President Lincoln was one of the most influential men to ever sit in office and he’s fondly remembered throughout DC. We are home to the Lincoln Memorial, but in this city visitors can also follow in the footsteps of Lincoln’s last trip.
On April 14th 1865, Lincoln had a trip to the Ford’s Theatre planned with his wife. This was a mere five days after the surrender of the Confederate Army in the courthouse. Lincoln had been instrumental in leading the Union to victory and abolishing slavery in the country.
He always stood strong against slavery and his election was the spark that caused states to secede from the Union. Most of Lincoln’s time in office was spent trying to repair the fractured country and bring the leaders of these states back into the fold. Slavery had a huge cultural and economic impact on America and the states opposing its abolishment were numerous.
Through careful planning and a host of learned cabinet members, Lincoln eventually triumphed in his battle against the Confederate states. This would eventually be his downfall, as the world would discover on that trip.
The historic Ford’s Theatre was the backdrop to Lincoln’s assassination, as he and Mary Todd watched a performance of Our American Cousin. The assassin, John Wilkes Booth, believed that his actions would restore the Confederacy to greatness once more. He thought that with Lincoln out of the picture, the Confederate states would be able to get back into the fray.
Booth shot the President point blank before shouting ‘Thus always to tyrants’ and escaping the theatre. He successfully evaded capture for 12 days before being found and killed while resisting arrest.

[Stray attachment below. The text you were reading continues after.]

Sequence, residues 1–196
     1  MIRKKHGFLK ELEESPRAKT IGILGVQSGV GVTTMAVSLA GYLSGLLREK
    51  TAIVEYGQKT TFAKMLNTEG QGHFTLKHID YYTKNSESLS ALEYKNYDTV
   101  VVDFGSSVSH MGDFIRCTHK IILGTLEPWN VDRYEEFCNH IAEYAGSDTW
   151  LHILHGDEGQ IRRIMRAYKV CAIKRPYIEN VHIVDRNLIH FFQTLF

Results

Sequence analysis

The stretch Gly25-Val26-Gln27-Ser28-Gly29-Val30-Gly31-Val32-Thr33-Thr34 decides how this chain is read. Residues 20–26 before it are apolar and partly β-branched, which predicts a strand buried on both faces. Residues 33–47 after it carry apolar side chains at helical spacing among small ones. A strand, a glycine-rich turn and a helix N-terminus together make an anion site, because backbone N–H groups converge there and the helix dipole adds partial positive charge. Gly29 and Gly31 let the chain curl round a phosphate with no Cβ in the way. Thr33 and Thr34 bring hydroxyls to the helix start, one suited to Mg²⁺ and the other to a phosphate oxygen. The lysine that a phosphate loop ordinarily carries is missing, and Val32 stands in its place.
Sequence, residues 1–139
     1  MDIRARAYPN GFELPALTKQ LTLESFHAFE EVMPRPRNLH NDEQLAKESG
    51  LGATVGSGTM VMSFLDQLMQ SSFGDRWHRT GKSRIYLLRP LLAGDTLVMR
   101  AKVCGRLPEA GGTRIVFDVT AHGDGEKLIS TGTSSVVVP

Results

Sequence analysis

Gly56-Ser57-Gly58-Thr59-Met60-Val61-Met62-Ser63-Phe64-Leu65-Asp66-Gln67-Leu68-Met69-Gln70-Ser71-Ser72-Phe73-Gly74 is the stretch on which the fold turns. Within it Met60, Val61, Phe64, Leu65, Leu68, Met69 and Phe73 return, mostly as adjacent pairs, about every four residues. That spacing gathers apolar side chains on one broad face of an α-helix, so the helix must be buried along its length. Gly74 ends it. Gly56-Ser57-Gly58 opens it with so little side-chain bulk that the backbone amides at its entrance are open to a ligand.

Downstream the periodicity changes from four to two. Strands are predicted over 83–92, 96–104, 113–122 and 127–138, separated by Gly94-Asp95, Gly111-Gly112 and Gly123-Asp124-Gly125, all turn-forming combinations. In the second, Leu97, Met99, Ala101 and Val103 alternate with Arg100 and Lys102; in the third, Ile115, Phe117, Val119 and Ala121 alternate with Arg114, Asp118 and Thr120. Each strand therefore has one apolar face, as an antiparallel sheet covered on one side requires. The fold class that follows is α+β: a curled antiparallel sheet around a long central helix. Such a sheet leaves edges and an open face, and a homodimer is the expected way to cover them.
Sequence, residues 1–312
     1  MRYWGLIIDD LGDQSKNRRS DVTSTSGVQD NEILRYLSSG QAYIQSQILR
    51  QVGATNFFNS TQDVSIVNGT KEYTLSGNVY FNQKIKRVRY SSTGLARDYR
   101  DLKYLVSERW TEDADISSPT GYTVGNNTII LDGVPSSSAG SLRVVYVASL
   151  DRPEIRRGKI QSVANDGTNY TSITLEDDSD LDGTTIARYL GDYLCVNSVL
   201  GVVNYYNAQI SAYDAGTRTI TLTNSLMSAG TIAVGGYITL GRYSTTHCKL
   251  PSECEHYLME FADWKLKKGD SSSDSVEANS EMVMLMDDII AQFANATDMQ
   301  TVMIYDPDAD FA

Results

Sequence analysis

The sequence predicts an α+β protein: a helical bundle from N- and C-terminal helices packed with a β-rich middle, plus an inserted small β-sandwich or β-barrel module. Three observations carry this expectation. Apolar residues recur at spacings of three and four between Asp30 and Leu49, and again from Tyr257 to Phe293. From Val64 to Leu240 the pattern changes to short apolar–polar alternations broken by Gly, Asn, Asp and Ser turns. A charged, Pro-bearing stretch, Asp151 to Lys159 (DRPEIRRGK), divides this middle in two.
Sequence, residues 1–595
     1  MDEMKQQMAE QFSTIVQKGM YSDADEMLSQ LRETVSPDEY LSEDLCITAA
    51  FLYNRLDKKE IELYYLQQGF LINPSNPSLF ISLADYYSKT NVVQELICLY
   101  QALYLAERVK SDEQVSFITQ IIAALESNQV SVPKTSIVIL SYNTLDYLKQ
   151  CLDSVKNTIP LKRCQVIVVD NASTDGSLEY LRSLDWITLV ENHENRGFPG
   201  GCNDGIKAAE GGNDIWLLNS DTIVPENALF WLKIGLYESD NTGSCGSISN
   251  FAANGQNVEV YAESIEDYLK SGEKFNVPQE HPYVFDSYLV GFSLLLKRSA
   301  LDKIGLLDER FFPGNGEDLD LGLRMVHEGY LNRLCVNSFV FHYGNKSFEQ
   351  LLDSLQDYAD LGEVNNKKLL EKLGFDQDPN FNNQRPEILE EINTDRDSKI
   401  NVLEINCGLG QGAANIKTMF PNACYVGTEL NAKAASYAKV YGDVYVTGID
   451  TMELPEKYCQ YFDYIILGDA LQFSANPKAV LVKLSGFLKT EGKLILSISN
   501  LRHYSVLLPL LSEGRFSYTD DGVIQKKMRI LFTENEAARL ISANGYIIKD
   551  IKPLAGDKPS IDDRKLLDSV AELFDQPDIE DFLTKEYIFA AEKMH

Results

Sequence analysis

The President was taken to the Petersen House, where he was attended to by Dr Charles Leale for eight hours. Lincoln’s tall stature made it impossible for him to be placed on the bed, so the doctor held his head for the duration of the time. The President eventually died in the morning of the next day, after a long coma through the night. Physicians were hopeful that their efforts in clearing the clots from his brain and allowing him to rest would turn things around but this was not the case.
President Lincoln’s relationship with the Ford’s Theatre is perhaps one of the most famous but the theatre has grown in fame itself. It’s still in use today and serves as a monument during the day, with live shows on at night. The building stands as a testament to Lincoln’s love of the theatre and a place in which visitors can see the circumstances around his death. The theatre was closed for a period of years after Lincoln’s death, as many found it distasteful to have such revelry in such a sad place. The building was converted into offices and served as such until 1893, when part of the edifice collapsed and killed 22 clerks. It wasn’t until 1968 that the theatre was restored to its former glory and reopened as the building that we know today.